The same section also discusses the importance of dosage, and how any drug in high doses is dangerous, but that is true of anything. Too much of a substance that reacts biologically, like say water, can be toxic in high enough doses. Just ask the “Hold Your Wee for a Wii” lady.
Next, the curriculum says that nearly all drugs follow a predictive pattern. In small doses they act as a stimulant. In higher doses they act as a depressant and eventually lead to death.
Methamphetamine, cocaine, PCP, LSD, caffeine and nicotine never made anyone sleepy, even in toxic doses. In fact, the first four are notorious for keeping people up for days. In the other direction, I’ve never heard of any of the opioid class of narcotics ever acting as a stimulant, even in tiny doses. Telling kids that almost all drugs follow the same predictive pattern actually gives them bad information in identifying and reacting appropriately to a potentially dangerous situation. Overdosing is not feeling sleepy because you are crashing from being awake for days on end and vice versa.
If you doubt for a second that Narconon is a front group for Scientology, I looked on the Scientology.org website in their booklet called “The Truth About Drugs.”
Here is a direct quotation from the booklet:
“Drugs are essentially poisons. The amount taken determines the effect. A small amount acts as a stimulant (speeds you up). A greater amount acts as a sedative (slows you down). An even larger amount poisons and can kill.”
Up until now, all of this may seem like picking nits. Yes, technically what they are saying is incorrect or misleading, but come on! These are elementary students. We don’t need to be that nuanced. Let’s say I accept that point, but all of this is to set up Lesson Two, where things really start to go off the rails.
This session covers the fact that drugs, such as LSD, marijuana, cocaine, methamphetamine; as well as other drugs, are fat soluble and can store in the body for extended periods of time, thus creating health problems.
No, no they can’t. An entire lesson is premised on a completely false claim promoted in Scientology literature. The only one of the four listed that is highly fat soluble is marijuana, and it only stays in the body for weeks in the heaviest users. That is why it will show up in a drug test so much longer than all of the others. LSD and powder cocaine are not fat soluble at all. Regardless of whether a drug is fat or water soluble it doesn’t remain in the system for years like Narconon claims. There are claims that LSD can affect you years later, but that is most likely due to changes in brain physiology, not because LSD is hiding out inside the body waiting for you to flush it out.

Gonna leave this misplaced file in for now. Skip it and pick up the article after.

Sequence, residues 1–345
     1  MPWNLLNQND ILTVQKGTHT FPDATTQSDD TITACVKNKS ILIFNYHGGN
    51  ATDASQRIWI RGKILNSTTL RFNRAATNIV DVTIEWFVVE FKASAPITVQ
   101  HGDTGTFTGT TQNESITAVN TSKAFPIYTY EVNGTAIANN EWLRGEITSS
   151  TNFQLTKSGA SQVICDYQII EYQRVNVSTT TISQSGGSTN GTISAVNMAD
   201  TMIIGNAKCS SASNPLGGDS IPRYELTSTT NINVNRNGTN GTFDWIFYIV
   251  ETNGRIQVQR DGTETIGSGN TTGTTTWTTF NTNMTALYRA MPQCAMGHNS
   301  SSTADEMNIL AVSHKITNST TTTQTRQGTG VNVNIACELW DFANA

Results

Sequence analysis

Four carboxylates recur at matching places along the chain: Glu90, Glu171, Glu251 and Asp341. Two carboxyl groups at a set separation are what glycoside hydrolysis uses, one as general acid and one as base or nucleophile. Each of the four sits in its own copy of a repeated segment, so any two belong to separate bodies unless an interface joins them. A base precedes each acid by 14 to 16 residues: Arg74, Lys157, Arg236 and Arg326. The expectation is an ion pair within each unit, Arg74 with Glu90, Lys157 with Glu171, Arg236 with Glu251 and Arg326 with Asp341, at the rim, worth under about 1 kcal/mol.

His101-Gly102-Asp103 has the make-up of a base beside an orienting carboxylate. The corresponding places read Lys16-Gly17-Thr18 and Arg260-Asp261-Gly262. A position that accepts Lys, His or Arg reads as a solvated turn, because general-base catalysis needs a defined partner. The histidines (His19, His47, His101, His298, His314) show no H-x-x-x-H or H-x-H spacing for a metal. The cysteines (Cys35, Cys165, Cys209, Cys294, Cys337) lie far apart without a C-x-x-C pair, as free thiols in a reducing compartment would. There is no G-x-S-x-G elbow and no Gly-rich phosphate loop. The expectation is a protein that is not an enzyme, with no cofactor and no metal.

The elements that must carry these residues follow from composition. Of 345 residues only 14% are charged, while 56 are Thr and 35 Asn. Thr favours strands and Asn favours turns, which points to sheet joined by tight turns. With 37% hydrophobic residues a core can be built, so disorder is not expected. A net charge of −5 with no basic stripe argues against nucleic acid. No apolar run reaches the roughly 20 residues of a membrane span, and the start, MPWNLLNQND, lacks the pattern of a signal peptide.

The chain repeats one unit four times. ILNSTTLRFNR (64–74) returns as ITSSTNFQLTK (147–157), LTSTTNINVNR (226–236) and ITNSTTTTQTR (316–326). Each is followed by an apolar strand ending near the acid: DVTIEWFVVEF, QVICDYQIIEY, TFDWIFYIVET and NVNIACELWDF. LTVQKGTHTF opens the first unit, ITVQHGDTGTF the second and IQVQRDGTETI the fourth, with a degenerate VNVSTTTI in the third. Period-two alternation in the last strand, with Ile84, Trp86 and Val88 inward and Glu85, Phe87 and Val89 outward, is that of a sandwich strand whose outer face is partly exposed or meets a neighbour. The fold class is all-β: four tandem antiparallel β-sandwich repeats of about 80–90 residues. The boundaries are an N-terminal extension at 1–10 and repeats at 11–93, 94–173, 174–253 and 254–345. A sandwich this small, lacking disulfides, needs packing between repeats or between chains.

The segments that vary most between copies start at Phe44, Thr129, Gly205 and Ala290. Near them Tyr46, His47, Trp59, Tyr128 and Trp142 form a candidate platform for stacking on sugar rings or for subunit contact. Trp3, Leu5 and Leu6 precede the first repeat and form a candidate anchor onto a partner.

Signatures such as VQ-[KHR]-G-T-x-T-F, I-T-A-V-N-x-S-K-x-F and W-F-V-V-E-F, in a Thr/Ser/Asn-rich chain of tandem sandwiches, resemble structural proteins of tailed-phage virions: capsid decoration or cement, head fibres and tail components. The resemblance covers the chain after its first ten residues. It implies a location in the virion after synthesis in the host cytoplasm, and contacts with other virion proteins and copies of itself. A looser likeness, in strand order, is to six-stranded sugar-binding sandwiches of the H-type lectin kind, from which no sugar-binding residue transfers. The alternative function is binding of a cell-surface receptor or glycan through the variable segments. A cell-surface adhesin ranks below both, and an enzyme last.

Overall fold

Scientology, and therefore Narconon, is wedded to this claim, because, despite it having been shown false by science, it was promoted by L. Ron Hubbard. Since everything L. Ron Hubbard said is true, then drugs must be fat soluble and stay in the system for years. This is the basis for Scientology’s Purification Rundown, on which much of the Narconon drug rehab regime is based.
The third lesson isn’t any better. It claims, falsely, that drugs use up important vitamins in the body.
“The first thing that happens is that vitamins and minerals are destroyed in the body. Vitamin A, B, C, D and others are ‘burned up’ by the drugs.”
No, they aren’t. This is silliness. In fact, it is so silly that I couldn’t even find any literature mentioning it outside of Narconon and Scientology sites. It just isn’t true.
Lesson four is where the blatant indoctrination into Scientology begins, and it continues through to the end of the series. The students are taught about levels of emotion as articulated and classified by L. Ron Hubbard in his Tone Scale. This is ostensibly presented as a tool for students to stay drug free, but it doesn’t actually give them any practical tools for dealing with a situation where they are tempted to use drugs. It says nothing about peer pressure. It gives no options on who to turn to when put in a situation that makes a student feel they need to talk to someone who might help them. It is entirely useless Scientology propaganda.